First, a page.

Gay man seeks court order for Social Security to recognize his common-law marriage

John D. Roberts wants a federal judge to order the Social Security Administration to recognize his same-sex common-law marriage so he’ll receive spousal-survivor benefits. 

Roberts, 64, of North Philadelphia, initially applied for the benefits in February 2016, after spouse Bernard O. Wilkerson passed away. However, since the men only were officially married for three months, Social Security denied his request for monthly spousal-survivor benefits. 

In September 2016, Orphans’ Court Judge George W. Overton ruled that the men were in a common-law marriage dating back to July 4, 1990. Despite Overton’s ruling, the Social Security Administration continues to refuse to recognize Roberts’ 25-year marriage for purposes of monthly spousal-survivor benefits, according to Roberts’ lawsuit.

Roberts’ May 31 lawsuit doesn’t specify the amount of benefits in dispute.

M. Patrick Yingling, an attorney for Roberts, said that a Social Security employee told Roberts the agency doesn’t have a policy on same-sex common-law marriage, giving no indication on when such a policy would be developed.

“Social Security is not respecting Mr. Roberts’ 25-year marriage to his late spouse. They are singling him out because of the nature of his same-sex marriage. There is no rational reason to discriminate against someone who was in a same-sex common-law marriage.” 

Yingling said a court order is necessary. 

“We are seeking a federal-court order that the Social Security Administration must evaluate Mr. Roberts’ application [for monthly benefits] based on his common-law marriage, dating back to 1990.”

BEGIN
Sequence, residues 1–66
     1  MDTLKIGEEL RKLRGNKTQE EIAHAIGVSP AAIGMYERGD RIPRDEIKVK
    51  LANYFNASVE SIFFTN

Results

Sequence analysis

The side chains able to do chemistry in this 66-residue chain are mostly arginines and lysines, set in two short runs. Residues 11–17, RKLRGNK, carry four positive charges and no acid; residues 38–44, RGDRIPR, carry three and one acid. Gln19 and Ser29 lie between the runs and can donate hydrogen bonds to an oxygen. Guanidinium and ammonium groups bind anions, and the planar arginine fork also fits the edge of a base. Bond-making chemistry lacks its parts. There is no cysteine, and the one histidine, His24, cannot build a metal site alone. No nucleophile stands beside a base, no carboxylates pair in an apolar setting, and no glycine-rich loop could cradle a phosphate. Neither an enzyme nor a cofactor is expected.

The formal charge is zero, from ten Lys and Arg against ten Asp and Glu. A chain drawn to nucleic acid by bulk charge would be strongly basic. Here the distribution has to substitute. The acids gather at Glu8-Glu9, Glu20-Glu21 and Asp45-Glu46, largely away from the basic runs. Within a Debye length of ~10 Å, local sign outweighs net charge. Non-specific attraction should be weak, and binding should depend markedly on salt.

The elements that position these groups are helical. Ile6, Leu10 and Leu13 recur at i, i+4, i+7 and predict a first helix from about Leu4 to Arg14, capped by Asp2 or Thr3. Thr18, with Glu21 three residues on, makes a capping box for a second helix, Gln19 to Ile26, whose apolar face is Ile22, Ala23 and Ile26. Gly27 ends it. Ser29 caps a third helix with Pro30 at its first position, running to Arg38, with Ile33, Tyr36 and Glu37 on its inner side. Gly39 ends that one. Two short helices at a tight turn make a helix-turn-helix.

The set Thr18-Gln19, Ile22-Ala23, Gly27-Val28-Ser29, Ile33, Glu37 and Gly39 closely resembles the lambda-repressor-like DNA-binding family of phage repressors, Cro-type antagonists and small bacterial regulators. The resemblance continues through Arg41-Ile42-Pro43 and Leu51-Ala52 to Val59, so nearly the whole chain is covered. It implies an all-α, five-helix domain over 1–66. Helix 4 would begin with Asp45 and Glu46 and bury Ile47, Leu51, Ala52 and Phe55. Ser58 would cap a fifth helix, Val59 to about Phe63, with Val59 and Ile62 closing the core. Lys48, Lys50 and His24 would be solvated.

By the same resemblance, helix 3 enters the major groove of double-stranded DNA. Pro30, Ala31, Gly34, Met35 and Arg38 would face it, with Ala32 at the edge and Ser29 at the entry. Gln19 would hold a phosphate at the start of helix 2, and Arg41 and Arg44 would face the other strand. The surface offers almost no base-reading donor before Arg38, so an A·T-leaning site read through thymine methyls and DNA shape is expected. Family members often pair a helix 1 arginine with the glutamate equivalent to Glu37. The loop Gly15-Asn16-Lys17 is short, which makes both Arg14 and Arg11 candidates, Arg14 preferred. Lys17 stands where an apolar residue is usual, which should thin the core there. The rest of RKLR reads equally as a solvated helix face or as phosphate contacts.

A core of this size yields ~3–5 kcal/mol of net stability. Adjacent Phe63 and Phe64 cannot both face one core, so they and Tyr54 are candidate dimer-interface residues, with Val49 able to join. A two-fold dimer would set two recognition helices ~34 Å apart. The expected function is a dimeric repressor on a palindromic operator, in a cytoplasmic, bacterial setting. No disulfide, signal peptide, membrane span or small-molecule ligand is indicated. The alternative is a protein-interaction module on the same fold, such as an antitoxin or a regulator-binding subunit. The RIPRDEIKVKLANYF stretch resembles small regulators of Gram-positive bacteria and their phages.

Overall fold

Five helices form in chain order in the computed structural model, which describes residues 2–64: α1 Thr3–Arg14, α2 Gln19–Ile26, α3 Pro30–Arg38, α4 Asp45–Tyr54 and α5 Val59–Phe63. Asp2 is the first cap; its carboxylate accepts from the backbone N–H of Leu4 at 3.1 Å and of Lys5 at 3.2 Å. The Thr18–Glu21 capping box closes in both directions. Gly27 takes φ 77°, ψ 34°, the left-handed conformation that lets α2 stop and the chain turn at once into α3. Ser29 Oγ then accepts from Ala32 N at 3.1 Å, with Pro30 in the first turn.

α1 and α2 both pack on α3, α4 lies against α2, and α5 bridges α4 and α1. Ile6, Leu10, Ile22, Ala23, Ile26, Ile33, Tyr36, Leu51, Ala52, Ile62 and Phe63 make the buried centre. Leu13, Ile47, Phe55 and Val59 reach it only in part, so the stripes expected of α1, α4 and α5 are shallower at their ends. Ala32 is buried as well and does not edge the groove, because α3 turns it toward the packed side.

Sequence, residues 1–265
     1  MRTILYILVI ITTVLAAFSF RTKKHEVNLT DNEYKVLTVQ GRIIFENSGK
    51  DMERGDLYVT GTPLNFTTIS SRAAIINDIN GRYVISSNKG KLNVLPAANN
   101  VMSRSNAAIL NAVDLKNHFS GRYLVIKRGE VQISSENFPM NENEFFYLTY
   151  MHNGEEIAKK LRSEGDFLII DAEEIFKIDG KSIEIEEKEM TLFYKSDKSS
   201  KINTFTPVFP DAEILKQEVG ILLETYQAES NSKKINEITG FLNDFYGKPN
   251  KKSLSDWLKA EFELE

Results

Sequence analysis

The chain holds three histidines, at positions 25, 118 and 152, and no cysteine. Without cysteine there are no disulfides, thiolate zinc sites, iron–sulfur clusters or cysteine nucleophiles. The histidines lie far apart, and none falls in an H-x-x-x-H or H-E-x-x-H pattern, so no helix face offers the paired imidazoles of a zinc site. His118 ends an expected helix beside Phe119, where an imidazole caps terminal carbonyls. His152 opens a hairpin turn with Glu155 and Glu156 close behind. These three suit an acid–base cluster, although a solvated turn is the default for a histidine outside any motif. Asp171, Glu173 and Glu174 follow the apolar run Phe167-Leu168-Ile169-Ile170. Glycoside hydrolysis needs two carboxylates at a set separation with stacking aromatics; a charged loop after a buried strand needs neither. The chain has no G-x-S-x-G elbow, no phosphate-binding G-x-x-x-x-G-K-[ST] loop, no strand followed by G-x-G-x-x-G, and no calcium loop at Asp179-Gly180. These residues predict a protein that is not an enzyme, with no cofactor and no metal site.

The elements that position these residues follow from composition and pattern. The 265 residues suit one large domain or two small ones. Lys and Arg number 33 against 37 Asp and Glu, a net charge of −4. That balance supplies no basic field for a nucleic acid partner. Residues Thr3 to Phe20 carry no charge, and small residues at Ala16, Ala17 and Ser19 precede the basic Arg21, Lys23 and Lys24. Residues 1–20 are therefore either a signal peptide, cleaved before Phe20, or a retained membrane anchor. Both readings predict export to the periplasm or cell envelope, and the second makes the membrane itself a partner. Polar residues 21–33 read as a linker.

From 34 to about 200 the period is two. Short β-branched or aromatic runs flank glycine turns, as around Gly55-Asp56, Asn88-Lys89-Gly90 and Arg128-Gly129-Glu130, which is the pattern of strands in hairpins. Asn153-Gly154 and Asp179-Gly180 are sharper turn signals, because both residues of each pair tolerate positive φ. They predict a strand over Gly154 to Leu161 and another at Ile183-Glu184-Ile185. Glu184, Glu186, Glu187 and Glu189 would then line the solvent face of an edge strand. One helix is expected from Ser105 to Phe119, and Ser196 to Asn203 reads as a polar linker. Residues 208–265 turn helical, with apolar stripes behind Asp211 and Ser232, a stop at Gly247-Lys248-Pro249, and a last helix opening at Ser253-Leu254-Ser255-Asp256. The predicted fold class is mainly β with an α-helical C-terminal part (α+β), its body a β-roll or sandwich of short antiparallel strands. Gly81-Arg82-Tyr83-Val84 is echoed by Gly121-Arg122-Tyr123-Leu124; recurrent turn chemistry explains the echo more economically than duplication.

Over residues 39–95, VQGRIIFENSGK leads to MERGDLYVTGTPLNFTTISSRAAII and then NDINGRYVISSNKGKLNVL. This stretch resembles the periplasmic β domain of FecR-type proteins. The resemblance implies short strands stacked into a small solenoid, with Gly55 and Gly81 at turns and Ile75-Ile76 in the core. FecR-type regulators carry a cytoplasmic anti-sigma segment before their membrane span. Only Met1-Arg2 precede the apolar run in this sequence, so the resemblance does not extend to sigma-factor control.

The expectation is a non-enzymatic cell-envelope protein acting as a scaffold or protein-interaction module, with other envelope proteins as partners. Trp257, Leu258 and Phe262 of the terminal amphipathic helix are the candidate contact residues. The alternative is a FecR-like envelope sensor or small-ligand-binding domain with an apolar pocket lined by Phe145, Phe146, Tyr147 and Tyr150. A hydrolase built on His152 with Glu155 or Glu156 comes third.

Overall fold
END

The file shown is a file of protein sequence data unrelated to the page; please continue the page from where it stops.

The lawsuit could help others in a similar situation, Yingling added.

“We are also seeking a federal-court order that the Social Security Administration may not refuse to recognize same-sex common-law marriages that are recognized by state courts. This will prevent other people from going through what Mr. Roberts is going through.”

The attorney expressed hope that Roberts will get a favorable outcome. 

“It’s our hope that once the federal court issues the marriage-recognition order, then Social Security will award the benefits without Mr. Roberts having to jump through any more hoops,” Yingling said. “Our primary goal is for the Social Security Administration to recognize Mr. Roberts’ marriage and therefore grant full benefits. We hope this will be done without protracted litigation. But we are prepared to do what is necessary to protect Mr. Roberts’ rights.”

In an email, Assistant U.S. Attorney David A. Degnan said: “We do not have any comment at this time. Thanks.”

Daniel N. O’Connor, a spokesperson for the Social Security Administration’s regional office, said: “Social Security does not comment on pending litigation.” 

The case has been assigned to U.S. District Judge Berle M. Schiller.

Roberts issued this statement: “I want to make sure that others in my situation receive the benefits they deserve. It seems wrong that Social Security won’t recognize our 25-year marriage if a judge already found it to be a legal marriage. I’m very grateful to Patrick Yingling and the Reed Smith law firm for helping me through this process.”